He had served on the Western Front since Fromelles in 1916, where he and his 57th Battalion were witness to one of the greatest slaughters that Australians endured there. All armies had boy soldiers Tony but Australia had a reputation for them. Will Anzac boy soldiers feature in your theme park at Villers-Bretonneux?
Will the slaughter at Fromelles be present as the Australian version of the Charge of the Light Brigade be prominent? Charge of the Light Brigade was a comparison used to describe Fromelles by Walter Downing, M.M, a soldier of the 57th battalion gave this account of happened at Fromelles from his book To The Last Ridge.
“The 60th [battalion] climbed on the parapet, heavy laden, dragging with them scaling ladders, light bridges, picks, shovels and bags of bombs.
There was wire to go through and sinking ground; a creek to cross, more marsh and wire; then the German line. Scores of stammering German machine-guns spluttered violently, drowning the noise of the cannonade.
The air was thick with bullets, swishing in a flat lattice of death. There was gaps in the lines of men -- wide ones, small ones. The survivors spread across the front, keeping the line straight. There was no hesitation, no recoil, no dropping of the unwounded into shell holes. The bullets skimmed low, from knee to groin, riddling the tumbling bodies before they touched the ground. Still they kept the line on.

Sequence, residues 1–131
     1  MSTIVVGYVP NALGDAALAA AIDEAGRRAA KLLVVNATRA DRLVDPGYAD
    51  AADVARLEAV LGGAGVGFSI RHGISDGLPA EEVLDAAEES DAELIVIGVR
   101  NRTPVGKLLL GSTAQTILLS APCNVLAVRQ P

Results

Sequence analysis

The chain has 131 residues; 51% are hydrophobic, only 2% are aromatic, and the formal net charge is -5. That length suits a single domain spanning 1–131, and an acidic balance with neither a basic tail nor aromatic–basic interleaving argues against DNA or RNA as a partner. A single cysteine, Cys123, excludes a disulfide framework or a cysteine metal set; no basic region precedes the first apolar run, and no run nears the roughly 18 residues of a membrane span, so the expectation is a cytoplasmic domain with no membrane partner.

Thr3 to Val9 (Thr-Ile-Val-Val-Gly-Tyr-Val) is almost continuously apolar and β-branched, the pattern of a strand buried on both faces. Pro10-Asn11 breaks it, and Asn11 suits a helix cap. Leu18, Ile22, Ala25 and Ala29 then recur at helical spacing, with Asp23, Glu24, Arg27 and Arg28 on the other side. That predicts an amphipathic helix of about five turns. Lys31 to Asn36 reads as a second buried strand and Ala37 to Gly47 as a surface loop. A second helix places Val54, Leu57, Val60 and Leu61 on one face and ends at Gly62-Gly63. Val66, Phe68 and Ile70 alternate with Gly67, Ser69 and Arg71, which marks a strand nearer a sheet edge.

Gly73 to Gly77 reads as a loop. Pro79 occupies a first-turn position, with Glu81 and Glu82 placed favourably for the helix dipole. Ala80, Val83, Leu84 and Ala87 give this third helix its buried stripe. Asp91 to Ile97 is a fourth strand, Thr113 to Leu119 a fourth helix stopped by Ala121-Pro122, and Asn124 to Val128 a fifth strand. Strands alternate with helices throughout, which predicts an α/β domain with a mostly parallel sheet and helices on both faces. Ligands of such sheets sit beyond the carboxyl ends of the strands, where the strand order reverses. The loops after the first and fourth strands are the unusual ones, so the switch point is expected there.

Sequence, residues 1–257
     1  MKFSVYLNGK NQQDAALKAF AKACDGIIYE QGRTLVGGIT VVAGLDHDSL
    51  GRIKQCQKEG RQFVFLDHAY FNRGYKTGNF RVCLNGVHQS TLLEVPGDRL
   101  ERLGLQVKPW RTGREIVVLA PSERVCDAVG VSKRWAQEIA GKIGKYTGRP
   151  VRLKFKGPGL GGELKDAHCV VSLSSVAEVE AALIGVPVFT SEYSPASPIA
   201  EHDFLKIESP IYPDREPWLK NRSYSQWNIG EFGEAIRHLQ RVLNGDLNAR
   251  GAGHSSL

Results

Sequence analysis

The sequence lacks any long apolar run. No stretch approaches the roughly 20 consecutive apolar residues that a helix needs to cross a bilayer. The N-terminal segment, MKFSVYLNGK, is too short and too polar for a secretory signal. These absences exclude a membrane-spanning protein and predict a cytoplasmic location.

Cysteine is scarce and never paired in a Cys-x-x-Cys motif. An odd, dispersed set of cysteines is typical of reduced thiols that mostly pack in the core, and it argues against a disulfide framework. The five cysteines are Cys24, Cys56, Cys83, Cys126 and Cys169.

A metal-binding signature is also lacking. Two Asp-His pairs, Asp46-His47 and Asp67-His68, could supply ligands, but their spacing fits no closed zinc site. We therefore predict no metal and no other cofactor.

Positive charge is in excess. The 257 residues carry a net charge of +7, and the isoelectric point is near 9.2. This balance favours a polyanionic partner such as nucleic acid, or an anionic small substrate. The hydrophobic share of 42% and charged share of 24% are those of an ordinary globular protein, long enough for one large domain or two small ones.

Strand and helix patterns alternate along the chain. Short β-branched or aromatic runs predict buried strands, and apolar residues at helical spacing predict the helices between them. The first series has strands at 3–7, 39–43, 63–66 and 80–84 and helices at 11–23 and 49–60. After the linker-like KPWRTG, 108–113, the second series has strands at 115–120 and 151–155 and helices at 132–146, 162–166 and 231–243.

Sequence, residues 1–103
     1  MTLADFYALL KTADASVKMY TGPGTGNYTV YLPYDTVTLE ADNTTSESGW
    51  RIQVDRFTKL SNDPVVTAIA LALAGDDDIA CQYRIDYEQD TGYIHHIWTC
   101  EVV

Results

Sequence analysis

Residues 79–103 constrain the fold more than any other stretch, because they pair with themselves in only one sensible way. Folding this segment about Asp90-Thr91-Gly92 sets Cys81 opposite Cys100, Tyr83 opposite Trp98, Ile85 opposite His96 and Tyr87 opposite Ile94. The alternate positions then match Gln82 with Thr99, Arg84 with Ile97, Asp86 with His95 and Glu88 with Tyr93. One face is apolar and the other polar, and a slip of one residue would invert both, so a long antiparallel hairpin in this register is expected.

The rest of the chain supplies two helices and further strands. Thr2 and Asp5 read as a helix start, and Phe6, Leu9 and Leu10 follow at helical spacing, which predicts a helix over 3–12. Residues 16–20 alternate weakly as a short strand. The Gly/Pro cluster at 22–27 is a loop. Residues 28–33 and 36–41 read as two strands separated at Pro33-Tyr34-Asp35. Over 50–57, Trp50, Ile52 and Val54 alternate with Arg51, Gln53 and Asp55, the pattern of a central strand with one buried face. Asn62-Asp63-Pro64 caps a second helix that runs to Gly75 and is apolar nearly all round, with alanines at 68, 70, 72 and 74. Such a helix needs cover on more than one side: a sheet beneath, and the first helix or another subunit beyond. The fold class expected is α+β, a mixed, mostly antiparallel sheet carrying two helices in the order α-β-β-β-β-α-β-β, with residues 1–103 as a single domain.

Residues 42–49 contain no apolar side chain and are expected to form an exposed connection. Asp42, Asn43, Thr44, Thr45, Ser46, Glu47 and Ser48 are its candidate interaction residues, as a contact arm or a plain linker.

Hundreds were mown in the flicker of an eyelid, like great rows of teeth knocked from a comb, but still the line went on, thinning and stretching. Wounded wriggled into shell holes and were hit again.
Men were cut in two by streams of bullets. And still the line went on.
Fifty-six remained of a full thousand. It was over in five minutes.
And then the 59th rose, vengeful, with a shout--a thousand as one man.
The chattering, metallic staccato of the tempest of hell burst in nickelled gusts. Sheaves and streams of bullets were like metal knives. There were many corpses hung inert on our wire, but the 59th surged forward, now in silence, more steadily, more precise than on parade. A few yards and there was but two hundred marching on. The rest lay in heaps and bloody swathes. They began firing at the German line as they advanced. Lewis gunners dropped into shell holes and fired burst and burst, dashing from cover to cover.
A hundred men broke into a wild but futile charge, determined to strike, if possible, one blow, but enemies pressed their red-hot thumb pieces with blistered fingers, spraying death from the tortured muzzles. That hundred lay flat in attitudes of sleep.
It grew quiet again. A few wounded crawled in the grass, sniped at by riflemen. There was silence. Eighty came back that night.
Two companies from the 58th rose from the breastwork-the remainder were elsewhere carrying ammunition- and advanced by rushes with covering fire. In banks of battle reek the sun went down, as red as blood.
As darkness drew on, the 57th went forward, but most were recalled almost before they left, for there was nothing to be gained by further loss of life. A few reached the creek.
It was the Charge of the Light Brigade once more, but more terrible, more hopeless--magnificent, but not war ---a valley of death fuelled by somebody's blunder, or the horrid necessities of war.
The handful in our trenches stood to arms all night because the line was dangerously weak, for there was no supports and no reserves and many elite forces were in front.
The remnants of the 57th and 58th held the front line system for a further fifty days, making fifty-nine days without relief.”